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Re: Optimizing size of very large dictionaries

P: n/a
En Wed, 30 Jul 2008 21:29:39 -0300, <py****@bdurham.comescribi�:
Are there any techniques I can use to strip a dictionary data
structure down to the smallest memory overhead possible?

I'm working on a project where my available RAM is limited to 2G
and I would like to use very large dictionaries vs. a traditional
database.

Background: I'm trying to identify duplicate records in very
large text based transaction logs. I'm detecting duplicate
records by creating a SHA1 checksum of each record and using this
checksum as a dictionary key. This works great except for several
files whose size is such that their associated checksum
dictionaries are too big for my workstation's 2G of RAM.
You could use a different hash algorithm yielding a smaller value (crc32,
by example, fits on an integer). At the expense of having more collisions,
and more processing time to check those possible duplicates.

--
Gabriel Genellina

Jul 31 '08 #1
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2 Replies

P: n/a
Are there any techniques I can use to strip a dictionary data
structure down to the smallest memory overhead possible?
Sure. You can build your own version of a dict using
UserDict.DictMixin. The underlying structure can be as space
efficient as you want.

FWIW, dictionaries automatically become more space efficient at
largers sizes (50,000+ records). The size quadrupling strategy falls
back to just doubling whenever a dict gets two thirds full.
Background: I'm trying to identify duplicate records in very
large text based transaction logs. I'm detecting duplicate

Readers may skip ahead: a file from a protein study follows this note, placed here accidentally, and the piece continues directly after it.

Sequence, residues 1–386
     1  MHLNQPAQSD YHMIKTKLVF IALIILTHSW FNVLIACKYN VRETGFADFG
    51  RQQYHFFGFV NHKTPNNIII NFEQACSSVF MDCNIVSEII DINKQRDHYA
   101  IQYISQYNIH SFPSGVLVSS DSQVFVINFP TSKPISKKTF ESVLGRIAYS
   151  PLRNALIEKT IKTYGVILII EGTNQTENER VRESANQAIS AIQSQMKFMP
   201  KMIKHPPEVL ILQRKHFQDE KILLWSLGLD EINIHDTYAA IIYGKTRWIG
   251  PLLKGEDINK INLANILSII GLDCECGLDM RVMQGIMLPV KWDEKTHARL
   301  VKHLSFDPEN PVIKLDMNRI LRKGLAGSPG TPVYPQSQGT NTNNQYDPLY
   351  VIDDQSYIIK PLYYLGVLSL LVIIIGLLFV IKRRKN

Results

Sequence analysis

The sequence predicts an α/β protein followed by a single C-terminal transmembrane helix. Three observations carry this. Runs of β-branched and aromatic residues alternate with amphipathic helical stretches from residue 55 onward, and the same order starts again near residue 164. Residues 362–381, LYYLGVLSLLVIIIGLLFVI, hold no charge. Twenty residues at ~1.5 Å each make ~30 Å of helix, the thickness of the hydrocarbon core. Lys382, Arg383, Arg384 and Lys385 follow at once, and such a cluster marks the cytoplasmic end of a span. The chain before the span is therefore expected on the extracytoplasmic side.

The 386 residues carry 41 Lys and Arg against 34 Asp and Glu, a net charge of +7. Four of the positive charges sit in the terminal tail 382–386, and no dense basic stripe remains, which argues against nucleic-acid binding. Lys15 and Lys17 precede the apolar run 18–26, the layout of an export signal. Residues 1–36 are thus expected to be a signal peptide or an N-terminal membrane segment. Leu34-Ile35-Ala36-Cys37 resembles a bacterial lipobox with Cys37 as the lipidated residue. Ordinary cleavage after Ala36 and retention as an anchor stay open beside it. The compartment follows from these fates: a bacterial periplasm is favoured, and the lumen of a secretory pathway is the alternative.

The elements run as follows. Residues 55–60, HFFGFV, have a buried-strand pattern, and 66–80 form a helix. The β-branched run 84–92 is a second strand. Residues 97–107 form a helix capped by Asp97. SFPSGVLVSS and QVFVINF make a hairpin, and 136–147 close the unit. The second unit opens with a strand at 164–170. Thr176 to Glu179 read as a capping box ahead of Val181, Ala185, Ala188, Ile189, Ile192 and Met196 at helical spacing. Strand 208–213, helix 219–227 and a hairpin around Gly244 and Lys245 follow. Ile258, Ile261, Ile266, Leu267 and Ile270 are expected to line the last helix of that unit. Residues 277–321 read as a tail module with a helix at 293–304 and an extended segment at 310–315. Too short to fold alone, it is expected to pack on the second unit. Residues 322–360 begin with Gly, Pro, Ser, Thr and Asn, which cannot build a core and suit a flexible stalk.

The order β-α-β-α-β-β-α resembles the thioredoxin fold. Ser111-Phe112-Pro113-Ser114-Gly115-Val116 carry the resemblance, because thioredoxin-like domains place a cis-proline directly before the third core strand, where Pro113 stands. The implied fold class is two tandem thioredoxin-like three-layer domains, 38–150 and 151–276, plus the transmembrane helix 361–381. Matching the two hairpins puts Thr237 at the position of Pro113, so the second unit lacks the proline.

records by creating a SHA1 checksum of each record and using this
checksum as a dictionary key. This works great except for several
files whose size is such that their associated checksum
dictionaries are too big for my workstation's 2G of RAM.
Tons of memory can be saved by not storing the contents of the
record. Just make an initial pass to identify the digest values of
possible duplicates. The use a set to identify actual dups but only
store the records for those whose digest is a possible duplicate:

bag = collections.defaultdict(int)
for record in logs:
bag[sha1(record).digest()] += 1
possible_dups = set()
while bag:
hashval, cnt = bag.popitem()
if cnt 1:
possible_dups.add(hashvalue)
seen = set()
for record in logs:
if record in seen:
print 'Duplicate:', record
elif sha1(record).digest() in possible_dups:
seen.add(record)

Raymond

P.S. If the log entries are one liners, maybe it would be better to
use the operating system's sort/uniq filters.
Jul 31 '08 #2

P: n/a


Raymond Hettinger wrote:
>>Background: I'm trying to identify duplicate records in very
large text based transaction logs. I'm detecting duplicate
records by creating a SHA1 checksum of each record and using this
checksum as a dictionary key. This works great except for several
files whose size is such that their associated checksum
dictionaries are too big for my workstation's 2G of RAM.

Tons of memory can be saved by not storing the contents of the
record. Just make an initial pass to identify the digest values of
possible duplicates. The use a set to identify actual dups but only
store the records for those whose digest is a possible duplicate:

bag = collections.defaultdict(int)
for record in logs:
bag[sha1(record).digest()] += 1
possible_dups = set()
while bag:
hashval, cnt = bag.popitem()
if cnt 1:
possible_dups.add(hashvalue)
Since actual counts above 1 are not needed, I believe a bit more memory
could be saved by computing possible_dups incrementally. The logic is a
bit trickier, and seeing the above helps.

once, dups = set(), set()
for record in logs:
d = sha1(record).digest()
if d in once:
once.remove(d)
dups.add(d)
elif d not in dups:
once.add(d)
seen = set()
for record in logs:
if record in seen:
print 'Duplicate:', record
elif sha1(record).digest() in possible_dups:
seen.add(record)

Raymond

P.S. If the log entries are one liners, maybe it would be better to
use the operating system's sort/uniq filters.
--
http://mail.python.org/mailman/listinfo/python-list
Aug 1 '08 #3

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